If you were Prime Minister of Canada and you saw the attack on free speech ruining people lives and their reputations through an organ of the government, what would you do?
Would you sit back idly as Harper has done and treat the issue as just one of many secondary issues? Or would you rise to defend a pillar of our democracy and risk it all to ensure that our fundamental and inalienable civil right to speak freely was protected?
The problem today is that our politicians don’t care about freedom. They care about power. But here’s the rub: the more concentration of power there is, the less freedom there is.
Stephen Harper likes power. He likes it a lot. That explains why he keeps his MPs on a tight leash. It also explains why he’s done nothing about the star chambers in this country. It fits his modus operandi. After all, how can you criticize the muzzling propensities of the HRCs when you, yourself, employ the same tactics on your own caucus?
I’m no great fan of Preston Manning but Keith Martin nails Harper spot on in this remark…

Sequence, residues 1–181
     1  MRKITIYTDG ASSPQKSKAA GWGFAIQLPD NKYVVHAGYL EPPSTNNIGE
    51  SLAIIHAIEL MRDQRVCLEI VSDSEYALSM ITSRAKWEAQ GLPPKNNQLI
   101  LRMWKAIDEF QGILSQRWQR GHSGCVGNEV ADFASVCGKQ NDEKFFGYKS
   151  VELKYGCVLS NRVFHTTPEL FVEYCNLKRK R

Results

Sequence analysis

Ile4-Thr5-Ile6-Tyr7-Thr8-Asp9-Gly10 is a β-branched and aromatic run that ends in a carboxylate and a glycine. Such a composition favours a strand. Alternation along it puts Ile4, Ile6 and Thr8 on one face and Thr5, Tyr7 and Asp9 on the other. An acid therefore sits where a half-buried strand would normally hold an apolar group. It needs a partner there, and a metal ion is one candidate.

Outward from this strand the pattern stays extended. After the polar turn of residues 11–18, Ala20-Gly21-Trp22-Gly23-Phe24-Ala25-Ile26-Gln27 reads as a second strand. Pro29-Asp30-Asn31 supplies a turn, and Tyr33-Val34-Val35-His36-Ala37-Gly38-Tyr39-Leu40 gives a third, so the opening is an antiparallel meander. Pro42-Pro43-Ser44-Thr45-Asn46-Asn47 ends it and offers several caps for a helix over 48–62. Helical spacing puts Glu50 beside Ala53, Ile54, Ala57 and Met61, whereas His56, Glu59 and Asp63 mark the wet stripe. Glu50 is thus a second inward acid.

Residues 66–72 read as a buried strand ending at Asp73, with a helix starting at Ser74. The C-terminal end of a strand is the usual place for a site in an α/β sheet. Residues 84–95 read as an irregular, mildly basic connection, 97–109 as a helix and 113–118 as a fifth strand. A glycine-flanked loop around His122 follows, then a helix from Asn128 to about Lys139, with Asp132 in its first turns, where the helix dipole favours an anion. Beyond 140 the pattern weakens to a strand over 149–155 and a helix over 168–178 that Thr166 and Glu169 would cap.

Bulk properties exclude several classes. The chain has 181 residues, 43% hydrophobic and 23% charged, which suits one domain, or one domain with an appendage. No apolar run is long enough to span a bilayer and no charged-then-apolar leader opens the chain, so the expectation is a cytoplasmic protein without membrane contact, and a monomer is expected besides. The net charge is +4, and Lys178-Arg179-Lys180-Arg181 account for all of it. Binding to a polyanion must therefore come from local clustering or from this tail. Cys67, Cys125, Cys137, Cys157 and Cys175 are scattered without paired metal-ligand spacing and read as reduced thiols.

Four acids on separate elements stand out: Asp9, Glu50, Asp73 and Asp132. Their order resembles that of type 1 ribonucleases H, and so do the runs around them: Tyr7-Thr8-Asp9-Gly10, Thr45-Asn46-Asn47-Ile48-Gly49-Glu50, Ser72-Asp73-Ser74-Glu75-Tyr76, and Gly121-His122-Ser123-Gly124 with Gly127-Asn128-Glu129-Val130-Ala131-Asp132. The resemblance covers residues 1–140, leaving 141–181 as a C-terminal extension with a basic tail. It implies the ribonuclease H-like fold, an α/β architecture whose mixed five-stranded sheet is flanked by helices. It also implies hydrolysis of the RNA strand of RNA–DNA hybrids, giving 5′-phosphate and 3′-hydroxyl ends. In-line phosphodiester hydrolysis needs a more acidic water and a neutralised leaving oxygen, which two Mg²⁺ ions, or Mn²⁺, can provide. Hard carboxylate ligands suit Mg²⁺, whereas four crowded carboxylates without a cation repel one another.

It is difficult to see from the outside, but the pillars of our democracy are being eroded. The reason for this comes from the top.
Prime Minister Harper is a follower of a mid-twentieth century American political philosopher called Leo Strauss. Professor Strauss believed that the best form of government is one where a small number of people, who are predestined to lead, tell everybody else what to do. He did not believe in the power of citizens exercising their wishes through their elected officials. Mr. Harper, like U.S. President Bush and Vice-President Cheney, is a follower of Professor Strauss’s ideology and is behaving accordingly. Mr. Harper tells his cabinet ministers what to do and what to say, and leaves his backbench MPs as little more than wallflowers. This is in contrast to his predecessor, the former leader of the Reform Party, Preston Manning, who believed in grassroots democracy. Their two views on governance are polar opposites and likely explains why Mr. Harper quit before the end of his first term as an MP in the mid 1990s. (Source)